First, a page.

IOWA CITY — For the Hawkeyes, this was waiting to ride the roller coaster.
They had to stand around and be patient before they could take the ride that is Rutgers. Unfortunately for the Scarlet Knights, everyone was tall enough for the ride and they remain for amusement only.
No. 20 Iowa (2-0, 1-0 Big Ten) had to wait for field position it could work with. It had to wait for Rutgers (1-1, 0-1) to lose its wallet and cellphone in the loop-the-loop. But in the end, everyone threw their arms in the air and had fun riding the Rutgers.
The most relevant question at the end was whether or not ESPN’s College GameDay will be in Ames next week for Iowa at Iowa State (1-0).
Quarterback Nate Stanley threw three TD passes, including a 58-yarder to wide receiver Ihmir Smith-Marsette less than three minutes into the game, and the Iowa defense picked up its third shutout in its last seven Big Ten games with a 30-0 blanking of Rutgers before 61,808 fans Saturday at Kinnick Stadium.
Iowa’s offense trucked for 438 yards, while the defense held Rutgers to just 125 yards, the Knights’ lowest output in 14 games and worst since the last game of 2017.
Iowa head coach Kirk Ferentz was asked in postgame what was on top of his list of concerns. He did mention some clock management at the end of the first half that did cost Iowa a chance at a touchdown.
“I thought our tempo out there, offensively especially, we’ve got to get in and get out,” Ferentz said. “ ... We have to be cleaner in our communication.”
It’s really good when the head coach tosses out abstracts on the to-do list.
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For the second week, there was an injury that stilled Kinnick Stadium. Junior safety Geno Stone suffered a knee injury and left the game in the second half. Last week, offensive tackle Alaric Jackson suffered a sprained knee and will be out at least through next week.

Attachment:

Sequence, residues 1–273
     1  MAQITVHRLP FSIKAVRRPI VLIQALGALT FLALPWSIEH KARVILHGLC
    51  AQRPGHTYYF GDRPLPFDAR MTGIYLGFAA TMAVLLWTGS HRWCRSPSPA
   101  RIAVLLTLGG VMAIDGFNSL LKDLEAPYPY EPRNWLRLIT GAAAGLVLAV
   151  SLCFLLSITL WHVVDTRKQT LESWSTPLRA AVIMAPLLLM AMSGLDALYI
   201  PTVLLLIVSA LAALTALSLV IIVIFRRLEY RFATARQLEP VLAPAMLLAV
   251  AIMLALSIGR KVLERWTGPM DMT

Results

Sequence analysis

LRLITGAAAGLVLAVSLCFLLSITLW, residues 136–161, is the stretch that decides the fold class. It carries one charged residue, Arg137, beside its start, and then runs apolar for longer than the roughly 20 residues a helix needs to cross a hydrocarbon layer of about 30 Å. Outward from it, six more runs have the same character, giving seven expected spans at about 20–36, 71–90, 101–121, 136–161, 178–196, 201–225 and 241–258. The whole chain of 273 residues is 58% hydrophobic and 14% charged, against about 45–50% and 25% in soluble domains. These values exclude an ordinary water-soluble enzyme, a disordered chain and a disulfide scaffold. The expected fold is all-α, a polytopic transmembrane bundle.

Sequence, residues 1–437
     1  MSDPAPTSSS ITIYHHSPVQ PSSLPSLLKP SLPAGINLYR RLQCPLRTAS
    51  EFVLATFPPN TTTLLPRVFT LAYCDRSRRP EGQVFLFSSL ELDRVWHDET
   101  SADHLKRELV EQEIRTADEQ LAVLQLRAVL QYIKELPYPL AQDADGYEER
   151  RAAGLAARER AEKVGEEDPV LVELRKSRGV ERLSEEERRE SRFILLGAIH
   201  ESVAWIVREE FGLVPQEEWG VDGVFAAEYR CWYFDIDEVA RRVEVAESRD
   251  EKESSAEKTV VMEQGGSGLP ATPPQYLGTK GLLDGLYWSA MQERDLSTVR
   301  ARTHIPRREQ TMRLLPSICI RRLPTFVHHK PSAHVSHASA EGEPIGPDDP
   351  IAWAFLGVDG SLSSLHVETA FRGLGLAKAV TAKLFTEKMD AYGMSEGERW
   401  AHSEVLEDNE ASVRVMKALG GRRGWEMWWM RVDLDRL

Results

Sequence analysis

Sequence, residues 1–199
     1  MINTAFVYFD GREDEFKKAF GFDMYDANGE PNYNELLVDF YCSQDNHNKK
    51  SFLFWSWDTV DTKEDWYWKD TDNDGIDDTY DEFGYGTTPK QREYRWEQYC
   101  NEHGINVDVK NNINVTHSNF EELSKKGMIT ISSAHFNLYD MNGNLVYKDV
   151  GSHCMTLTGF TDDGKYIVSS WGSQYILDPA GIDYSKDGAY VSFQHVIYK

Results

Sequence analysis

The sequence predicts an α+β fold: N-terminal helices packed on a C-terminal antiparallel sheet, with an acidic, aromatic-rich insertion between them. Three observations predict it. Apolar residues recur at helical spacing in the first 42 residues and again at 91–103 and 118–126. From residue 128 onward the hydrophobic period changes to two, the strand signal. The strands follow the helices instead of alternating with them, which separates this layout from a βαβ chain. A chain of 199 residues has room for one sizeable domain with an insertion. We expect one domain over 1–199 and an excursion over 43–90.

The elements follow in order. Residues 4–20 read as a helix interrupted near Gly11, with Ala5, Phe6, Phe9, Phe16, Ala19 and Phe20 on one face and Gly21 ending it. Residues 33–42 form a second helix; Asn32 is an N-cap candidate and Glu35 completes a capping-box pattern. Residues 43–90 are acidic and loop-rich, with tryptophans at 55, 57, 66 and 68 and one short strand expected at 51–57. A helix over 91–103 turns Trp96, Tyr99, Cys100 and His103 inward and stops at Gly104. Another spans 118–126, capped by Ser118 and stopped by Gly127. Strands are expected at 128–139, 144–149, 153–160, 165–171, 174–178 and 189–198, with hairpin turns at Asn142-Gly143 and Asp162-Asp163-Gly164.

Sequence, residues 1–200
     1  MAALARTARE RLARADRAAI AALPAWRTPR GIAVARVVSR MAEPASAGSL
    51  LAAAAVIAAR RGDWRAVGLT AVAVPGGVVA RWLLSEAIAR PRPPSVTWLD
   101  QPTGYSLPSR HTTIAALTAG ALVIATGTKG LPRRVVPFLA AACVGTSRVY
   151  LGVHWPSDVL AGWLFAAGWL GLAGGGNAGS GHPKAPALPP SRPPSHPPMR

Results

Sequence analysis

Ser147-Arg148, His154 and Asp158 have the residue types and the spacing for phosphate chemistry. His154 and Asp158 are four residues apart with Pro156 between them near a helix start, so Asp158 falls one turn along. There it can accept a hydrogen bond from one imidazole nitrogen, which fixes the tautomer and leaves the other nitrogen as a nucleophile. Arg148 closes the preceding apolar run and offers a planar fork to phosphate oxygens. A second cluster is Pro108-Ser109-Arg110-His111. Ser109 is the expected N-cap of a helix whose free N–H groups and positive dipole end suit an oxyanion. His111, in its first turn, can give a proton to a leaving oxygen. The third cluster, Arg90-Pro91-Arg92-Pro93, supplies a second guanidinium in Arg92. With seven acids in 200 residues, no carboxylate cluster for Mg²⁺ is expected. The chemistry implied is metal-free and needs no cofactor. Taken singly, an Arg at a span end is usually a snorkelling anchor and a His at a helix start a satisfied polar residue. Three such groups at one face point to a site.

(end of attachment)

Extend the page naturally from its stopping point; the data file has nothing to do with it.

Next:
Stone showed up for postgame interviews. That’s usually a good sign.
“I feel great,” Stone said. “I went down, but I told my coach I wanted to go back in. They didn’t want me to go back out there and risk anything.”
The risk taking on this Saturday was shelved on the Hawkeyes’ first drive. Smith-Marsette got a clean release from the line of scrimmage and just ran a simple seam route right down the middle of Rutgers’ defense. Iowa had both running backs on the field and the Knights left a flat-footed corner against full-speed Smith-Marsette.
“Nate delivered a great ball and all I had to do was finish it,” said Smith-Marsette, who led the Hawkeyes with four catches for 113 yards (his first career 100-yard game) and two TDs. “It was a great start to a good game.”
It was a ride on a roller coaster. For the Hawkeyes, it was a matter of waiting for your turn.
Iowa had passing plays of 58, 33, 25, 25 and 23. The Knights also had three pass interference penalties. The Hawkeyes also had six running plays of 10-plus yards, including running back Toren Young’s 31-yarder in the fourth quarter.
Iowa again worked around Jackson’s injury with several offensive line combos. Also for the second consecutive week on the O-line, junior offensive tackle Tristan Wirfs flipped tackle positions like most people just know how to walk.
“ ... I think he is ready for any challenge that’s going to show itself,” Ferentz said.
For the second straight week, defensive end A.J. Epenesa failed to throw the offensive tackle across from him out of the stadium and he didn’t jam his fingers through the turf and shake it until the QB fell. For the second straight week, the preseason All-American affected the living daylights out of the game.
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“I did sense some unrealistic expectations last week after the game,” Ferentz said with a smile.
Epenesa picked up his first sack of the season in the second quarter. He jumped over the O-lineman at the end and almost missed out on the sack. He also was credited with four QB hurries.
“Jumping, you’re not supposed to jump ever,” Epenesa said. “He kept it and kind of just went down and I went over him a little bit. Jumping is ill advised.”
Iowa got to Rutgers QB McLane Carter, who suffered an injury and sat out the second half. Rutgers threw for just 41 yards, the lowest for an Iowa opponent since Georgia Tech in the 2010 Orange Bowl.
“We disrupted their quarterback and part of that is because we were covering really well,” Ferentz said. “He didn’t have a place to go with the ball.”
Everyone got to ride the rides.
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